Reverse SSH Tunneling: The Ultimate Guide
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What is Reverse SSH Tunneling?

Reverse SSH tunneling is a technique used to establish a secure connection from a remote server or a remote IoT device back to a local machine. At its core, it’s about creating an encrypted SSH connection in the opposite direction to the norm. Instead of connecting from a local machine to a remote server, as in traditional SSH connections, reverse SSH tunneling establishes a connection from the remote server to the local machine. This is not a very difficult thing to do and it relies on the ssh tool available in basically any operating system.

Why Use this Remote Access Technique?

The primary use of such a technique is to gain access to a local machine that’s behind a firewall or NAT, without altering those protective measures. It’s especially useful in scenarios where:

  1. Remote Support and Management: Providing assistance to a user or managing a machine that’s behind a firewall.
  2. Evading Restrictive Firewalls: Sometimes, outgoing connections are allowed while incoming connections are denied by default. Reverse SSH tunneling can be utilized to bypass such restrictions.
  3. Secure Data Transfer: Transmitting sensitive data between a server and a local machine while ensuring encryption throughout the connection.

How Does Reverse SSH Tunneling Work?

Consider two machines: LocalMachine (behind a firewall) and RemoteServer. The goal is to SSH into LocalMachine from RemoteServer. With reverse SSH tunneling, LocalMachine initiates a connection to RemoteServer and sets up a tunnel. Once the tunnel is established, one can SSH into LocalMachine by connecting to the tunnel from RemoteServer.

How Can I Set Up Reverse SSH Tunneling?

Setting up this in real life is fairly straightforward if you work with open ports. Here’s a basic example:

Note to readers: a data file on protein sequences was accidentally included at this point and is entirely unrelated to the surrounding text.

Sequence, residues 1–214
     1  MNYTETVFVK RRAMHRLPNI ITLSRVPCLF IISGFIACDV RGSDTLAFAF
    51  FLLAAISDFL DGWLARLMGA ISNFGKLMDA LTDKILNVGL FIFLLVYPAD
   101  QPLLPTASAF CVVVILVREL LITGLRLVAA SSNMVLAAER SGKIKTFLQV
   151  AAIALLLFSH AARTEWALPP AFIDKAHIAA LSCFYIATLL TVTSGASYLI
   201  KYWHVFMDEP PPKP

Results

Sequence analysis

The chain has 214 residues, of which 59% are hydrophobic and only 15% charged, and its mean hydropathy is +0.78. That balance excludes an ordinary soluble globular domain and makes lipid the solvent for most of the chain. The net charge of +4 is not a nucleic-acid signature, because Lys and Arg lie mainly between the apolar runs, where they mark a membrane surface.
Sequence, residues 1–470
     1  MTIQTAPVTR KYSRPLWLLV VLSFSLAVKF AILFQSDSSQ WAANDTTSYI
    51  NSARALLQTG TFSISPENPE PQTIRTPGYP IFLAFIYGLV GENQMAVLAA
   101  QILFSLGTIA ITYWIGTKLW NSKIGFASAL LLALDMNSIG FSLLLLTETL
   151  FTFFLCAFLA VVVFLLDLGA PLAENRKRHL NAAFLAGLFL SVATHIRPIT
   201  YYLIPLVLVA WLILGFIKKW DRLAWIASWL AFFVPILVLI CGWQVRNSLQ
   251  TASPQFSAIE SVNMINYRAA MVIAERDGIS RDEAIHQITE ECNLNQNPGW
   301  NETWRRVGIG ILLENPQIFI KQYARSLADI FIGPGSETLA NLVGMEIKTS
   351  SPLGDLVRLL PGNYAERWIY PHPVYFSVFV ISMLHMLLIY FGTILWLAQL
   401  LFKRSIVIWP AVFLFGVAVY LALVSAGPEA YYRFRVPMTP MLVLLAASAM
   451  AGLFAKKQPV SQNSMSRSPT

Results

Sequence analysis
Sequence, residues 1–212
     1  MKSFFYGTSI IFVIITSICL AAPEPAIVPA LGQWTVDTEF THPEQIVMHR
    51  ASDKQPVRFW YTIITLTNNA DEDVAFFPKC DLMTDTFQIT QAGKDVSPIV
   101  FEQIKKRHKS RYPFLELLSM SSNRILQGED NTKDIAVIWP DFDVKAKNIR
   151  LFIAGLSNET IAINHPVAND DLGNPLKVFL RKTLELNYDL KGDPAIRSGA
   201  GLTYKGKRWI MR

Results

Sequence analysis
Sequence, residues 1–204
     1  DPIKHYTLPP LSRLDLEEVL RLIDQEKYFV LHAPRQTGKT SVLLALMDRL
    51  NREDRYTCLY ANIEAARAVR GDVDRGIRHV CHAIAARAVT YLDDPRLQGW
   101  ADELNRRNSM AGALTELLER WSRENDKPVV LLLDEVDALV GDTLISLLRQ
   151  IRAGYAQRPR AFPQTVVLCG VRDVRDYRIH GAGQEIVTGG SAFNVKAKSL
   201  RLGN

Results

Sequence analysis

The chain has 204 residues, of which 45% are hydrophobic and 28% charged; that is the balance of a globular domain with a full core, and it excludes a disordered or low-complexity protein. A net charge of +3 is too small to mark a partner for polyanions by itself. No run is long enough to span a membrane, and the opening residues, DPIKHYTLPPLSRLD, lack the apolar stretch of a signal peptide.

1. On LocalMachine:

					ssh -R 9000:localhost:22 user@RemoteServer

Here, 9000 is the port on RemoteServer that will be used for the tunnel, and 22 is the SSH port of LocalMachine.

2. On RemoteServer:

					ssh -p 9000 user@localhost

Ensure that the GatewayPorts option in the SSH daemon configuration file (sshd_config) on RemoteServer is set to yes or clientspecified if you wish to allow connections from external IPs.

Are There Any Concerns using this?

While reverse SSH tunneling is a powerful technique, it’s essential to be aware of potential security risks. Ensuring the remote server is secure is paramount since the tunnel could act as an entry point if compromised. Regularly update and patch systems, use strong authentication methods, and monitor connection logs for any unusual activities.

Conclusion and Alternatives

The presented technique offers a way to bridge connections in scenarios where traditional SSH might be limited. By understanding its potential and implementing it carefully, you can harness its power while maintaining security. Whether you’re looking to provide remote support or securely connect machines, reverse SSH tunneling is an invaluable tool in the IT toolkit. If you do not want to build and manage the moving parts of such a solution yourself and you also want the additional security of a properly configured VPN you can try the remote device management. This allows you to focus on your use case with a VPN that supports this functionality. In addition, this will get you up and running in less than 5 minutes, no matter if you run desktop machines or IoT devices.

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